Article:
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What do our holiday traditions really cost?

What do our holiday traditions really cost?

Okay…we all know that visiting the Christmas Tree Lot the day after Thanksgiving can be really expensive, and prices get better the longer you can wait to get one.  That’s not what I’m talking about!   I wanted to know, are some of our traditions costing us in our health?  After my manager shared how his family “mysteriously” gets allergies every December after bringing home a live tree, I had to do some research!

As it turns out, Christmas tree allergies are real.  If you experience any of the following after bringing home a live tree or other live pine decorations, the pine may be an allergen, or it may be carrying allergens (advancedsinusandallergy.com).

  • Runny nose
  • Watery eyes
  • Sneezing
  • Coughing
  • Wheezing
  • Itchy eyes and nose
  • Dark circles under your eyes
  • Skin rash

Now that you may be making some mental connections, here is what scientists have found about homes with live trees:

  • Mold: pine trees can carry 53 different types of mold!  (Researchers at SUNY Upstate Medical University).  Many of these are allergens and especially so for infants and children.  The mold, which is attached to leaves, branches and bark, multiplies in your warm home and spores are released during the agitation of bringing the tree in, setting it up, placing lights and decorations on it and watering it.  A 2007 study found that apartments containing a live Christmas had a 6-fold increase in airborne mold, which did not return to normal until after the tree was removed.  Weed, grass and tree pollens were also found in the air during the time Christmas trees were in the house, because of course, live trees once lived in fields with other weeds and trees.  
  • The beloved pine scent emitted by Christmas trees is actually a family of VOCs called terpenes.  Terpenes are made naturally in the tree sap, and real or artificial terpenes are often used in pine-scented cleaning products and home fragrances.  Terpenes can unfortunately be allergenic to some people.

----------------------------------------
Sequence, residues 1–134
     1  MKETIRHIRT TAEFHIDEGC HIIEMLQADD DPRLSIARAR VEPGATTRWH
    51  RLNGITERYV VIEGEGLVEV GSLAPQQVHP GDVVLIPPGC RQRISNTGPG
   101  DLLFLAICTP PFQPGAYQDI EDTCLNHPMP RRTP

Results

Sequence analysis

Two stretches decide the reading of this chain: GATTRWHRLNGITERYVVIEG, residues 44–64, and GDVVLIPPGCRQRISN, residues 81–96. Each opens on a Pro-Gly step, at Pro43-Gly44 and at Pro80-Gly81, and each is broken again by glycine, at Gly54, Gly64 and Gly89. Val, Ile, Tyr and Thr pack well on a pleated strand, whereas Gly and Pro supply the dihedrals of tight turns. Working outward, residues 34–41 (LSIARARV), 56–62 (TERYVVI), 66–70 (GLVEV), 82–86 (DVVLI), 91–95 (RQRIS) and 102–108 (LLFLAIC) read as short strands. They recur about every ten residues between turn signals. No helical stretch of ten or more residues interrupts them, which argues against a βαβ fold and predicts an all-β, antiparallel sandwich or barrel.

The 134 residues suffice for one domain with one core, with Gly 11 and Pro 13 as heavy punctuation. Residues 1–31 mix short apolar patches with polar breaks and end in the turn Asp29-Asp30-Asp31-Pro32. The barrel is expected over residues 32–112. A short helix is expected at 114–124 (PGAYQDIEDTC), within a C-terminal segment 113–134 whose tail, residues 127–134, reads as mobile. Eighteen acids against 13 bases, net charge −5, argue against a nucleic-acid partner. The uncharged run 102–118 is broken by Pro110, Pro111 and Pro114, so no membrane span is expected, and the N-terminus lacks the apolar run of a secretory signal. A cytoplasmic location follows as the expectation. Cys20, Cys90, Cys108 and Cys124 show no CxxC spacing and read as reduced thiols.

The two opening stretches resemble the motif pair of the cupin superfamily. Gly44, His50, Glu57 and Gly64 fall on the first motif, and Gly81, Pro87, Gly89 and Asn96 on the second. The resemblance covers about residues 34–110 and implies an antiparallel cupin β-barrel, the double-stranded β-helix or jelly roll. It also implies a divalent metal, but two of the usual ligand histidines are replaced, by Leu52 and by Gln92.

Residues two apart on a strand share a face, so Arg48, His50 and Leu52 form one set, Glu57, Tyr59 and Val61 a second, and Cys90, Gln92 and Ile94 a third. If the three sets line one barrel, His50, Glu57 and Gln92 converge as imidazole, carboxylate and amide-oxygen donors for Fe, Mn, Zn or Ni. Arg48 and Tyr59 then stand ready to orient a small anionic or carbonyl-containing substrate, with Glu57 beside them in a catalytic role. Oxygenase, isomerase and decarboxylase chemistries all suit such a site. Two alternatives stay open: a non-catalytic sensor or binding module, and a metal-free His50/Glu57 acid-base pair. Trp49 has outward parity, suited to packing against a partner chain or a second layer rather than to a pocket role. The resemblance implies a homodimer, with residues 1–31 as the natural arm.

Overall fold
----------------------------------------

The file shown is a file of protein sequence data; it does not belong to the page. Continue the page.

• Dust mites and insect droppings come with live and artificial trees that have been in storage because they naturally accumulate dust. 

Bringing home a live tree is a deeply-ingrained tradition for many American families, so unless your allergies become severe, simply treating your tree appropriately may help you to suffer a lot less this season!

  • Formerly, it was recommended to spray the tree down with water and allow it to dry naturally outside for a day or two, or blow off the water with a leaf blower before bringing it inside (advancedsinusandallergy.com).  However, water is just what mold needs to keep growing and multiplying!  Therefore, we’re going out on a limb here (pun intended) to say that the same EC3 Mold Solution Spray or  Remedy Mold Treatment Spray by CitriSafe that is safe for humans and pets, is a great treatment for live and artificial Christmas trees.  Yes, use that leaf blower on your live or artificial tree to remove dust outside (with a mask of course), and then give it a good misting of EC3 Mold Solution Spray or  Remedy Mold Treatment Spray over every branch (don’t be afraid to use too much).  This should drastically reduce the amount of mold in your home while the tree is up!  Treat live garlands, wreaths and other live decorations in the same way.